Allergies

First, what are you allergic to?

Millions of people suffer year-round from allergy symptoms caused by indoor allergens. These culprits include dust mite droppings, animal dander, cockroach droppings and molds.
Your immune system controls how your body defends itself. For instance, if you have an allergy to dust mites, your immune system identifies dust mites as an invader or allergen. Your immune system overreacts by producing allergic antibodies called Immunoglobulin E (IgE). These antibodies travel to cells that release chemicals, causing an allergic reaction. This reaction usually causes symptoms such as sneezing, stuffiness, a runny nose, or itchiness in your nose, the roof of your mouth, throat, eyes or ears.

Dust mites:
Dust mite allergens are a common trigger of allergy and asthma symptoms. While they can be found throughout the house, these microscopic creatures thrive in warm, humid environments such as bedding, upholstered furniture and carpeting.


Because so much time is spent in the bedroom, it is essential to reduce mite levels there.

Pets:
Contrary to popular opinion, 
there are no “hypoallergenic” breeds of dogs or cats. That is because people are not allergic to an animal’s hair, but to an allergen found in the saliva, dander (dead skin flakes) or urine of an animal with fur.

Pet allergy symptoms typically occur within minutes, with short-term exposure. With more chronic exposure symptoms may occur more chronically and not as acutely. For some people, symptoms build and become most severe 8 to 12 hours after contact with the animal. People with severe allergies can experience reactions in public places if dander has been transported on pet owners’ clothing.

Cockroaches:
Cockroaches are often found in the homes of densely populated urban areas, schools or commercial buildings, but these creatures can lurk almost anywhere. This does not mean that you have a dirty house or living area.

source:
https://www.aaaai.org/conditions-and-treatments/library/at-a-glance/indoor-allergens​

What is Fel d 1?


 Fel d 1, produced largely in cat saliva and sebaceous glands, is the primary allergen present on cats and kittens.[1] Fel d 1 is also    produced by cat skin itself.[4] The protein is of an unknown function to the animal but causes an IgG or IgE reaction in sensitive    humans (either as an allergic or asthmatic response).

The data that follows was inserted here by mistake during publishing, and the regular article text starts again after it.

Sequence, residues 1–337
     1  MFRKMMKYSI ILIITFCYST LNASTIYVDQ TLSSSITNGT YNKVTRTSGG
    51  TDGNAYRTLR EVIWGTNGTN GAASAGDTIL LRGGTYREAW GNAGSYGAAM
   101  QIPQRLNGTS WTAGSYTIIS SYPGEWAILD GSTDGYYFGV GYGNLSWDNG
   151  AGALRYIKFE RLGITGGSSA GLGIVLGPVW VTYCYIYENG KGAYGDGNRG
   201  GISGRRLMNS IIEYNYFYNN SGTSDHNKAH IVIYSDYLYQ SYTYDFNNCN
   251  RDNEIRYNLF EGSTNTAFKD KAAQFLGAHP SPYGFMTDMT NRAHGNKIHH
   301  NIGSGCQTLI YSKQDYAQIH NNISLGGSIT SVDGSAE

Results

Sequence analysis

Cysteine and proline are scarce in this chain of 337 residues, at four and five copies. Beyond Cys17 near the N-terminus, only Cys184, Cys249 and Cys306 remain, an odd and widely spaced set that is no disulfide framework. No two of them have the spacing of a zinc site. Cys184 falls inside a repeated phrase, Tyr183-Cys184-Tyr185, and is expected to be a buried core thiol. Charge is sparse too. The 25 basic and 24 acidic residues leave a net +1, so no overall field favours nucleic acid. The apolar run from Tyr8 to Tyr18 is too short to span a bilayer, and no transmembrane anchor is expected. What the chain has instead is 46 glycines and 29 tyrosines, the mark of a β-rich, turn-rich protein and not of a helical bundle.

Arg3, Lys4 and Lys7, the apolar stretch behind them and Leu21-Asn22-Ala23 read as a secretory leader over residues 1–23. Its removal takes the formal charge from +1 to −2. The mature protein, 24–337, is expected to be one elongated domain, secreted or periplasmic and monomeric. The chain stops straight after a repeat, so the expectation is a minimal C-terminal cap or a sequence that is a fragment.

Source: 
https://en.wikipedia.org/wiki/Fel_d_1

What is Can f 1?


Caused by dandersaliva or urine of dogs, or by dust, pollen or other allergens that have been carried on the fur.[26] Allergy to dogs is present in as much as 10 percent of the population.[26]

Source:
https://en.wikipedia.org/wiki/List_of_allergens#dogs​

What is Der f 1?


Dust mites may be the most common trigger of year-round allergies and asthma. They are on every continent except Antarctica. It may not be possible to rid your home entirely of these creatures. . Both the body parts and the waste of dust mites are allergens for many people. Most dust mites die in low humidity levels or extreme temperatures. But they leave their dead bodies and waste behind. These can continue to cause allergic reactions
Source:
http://www.aafa.org/page/dust-mite-allergy.aspx​

What's happening inside your body

When an allergic person first comes into contact with an allergen, the immune system treats the allergen as an invader and gets ready to attack. The immune system does this by generating large amounts of a type of antibody called immunoglobulin E, or IgE. Each IgE antibody is specific for one particular substance. In the case of pollen allergy, each antibody is specific for one type of pollen. For example, the immune system may produce one type of antibody to react against oak pollen and another against ragweed pollen. The IgE molecules are special because IgE is the only type of antibody that attaches tightly to the body’s mast cells, which are tissue cells, and to basophils, which are blood cells. When the allergen next encounters its specific IgE, it attaches to the antibody like a key fitting into a lock. This action signals the cell to which the IgE is attached to release (and, in some cases, to produce) powerful chemicals like histamine, which cause inflammation. These chemicals act on tissues in various parts of the body, such as the respiratory system, and cause the symptoms of allergy. ​

What can you do to help prevent an allergy attack?

First, it's important to see an allergist/immunologist.  They will help you narrow down what you are allergic too and how best to treat your symptoms. Here are some steps you can take to help reduce an attack.

If you have pet allergies:
1. Try not to hug or kiss your pet
2. Invest in a good HEPA air filter or air purifier 
3. Keep pets out of the bedroom, remember allergens are sticky proteins and they will stick to your bedding
4. Get a mirco- filter for your vacuum. You would be surprised at how many allergens leak back into the air from vacuuming. 


Dust mites allergies?
1. Change your bedding often. Always wash your bedding in hot water (130 degrees) with soap. 
2. Invest in a good HEPA air filter or air purifier 
3. Buy a good set of allergy proof sheets and pillow cases.

Questions? Concerns? Let's chat!